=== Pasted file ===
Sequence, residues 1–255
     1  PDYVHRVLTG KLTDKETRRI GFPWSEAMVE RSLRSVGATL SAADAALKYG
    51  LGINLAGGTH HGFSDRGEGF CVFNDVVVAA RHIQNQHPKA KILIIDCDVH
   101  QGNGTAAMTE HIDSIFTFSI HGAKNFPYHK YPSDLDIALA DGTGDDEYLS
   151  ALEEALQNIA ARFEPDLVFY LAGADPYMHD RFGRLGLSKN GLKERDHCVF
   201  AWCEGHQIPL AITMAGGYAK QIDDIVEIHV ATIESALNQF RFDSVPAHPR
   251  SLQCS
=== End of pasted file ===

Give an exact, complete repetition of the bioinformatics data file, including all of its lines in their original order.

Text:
Sequence, residues 1–255
     1  PDYVHRVLTG KLTDKETRRI GFPWSEAMVE RSLRSVGATL SAADAALKYG
    51  LGINLAGGTH HGFSDRGEGF CVFNDVVVAA RHIQNQHPKA KILIIDCDVH
   101  QGNGTAAMTE HIDSIFTFSI HGAKNFPYHK YPSDLDIALA DGTGDDEYLS
   151  ALEEALQNIA ARFEPDLVFY LAGADPYMHD RFGRLGLSKN GLKERDHCVF
   201  AWCEGHQIPL AITMAGGYAK QIDDIVEIHV ATIESALNQF RFDSVPAHPR
   251  SLQCS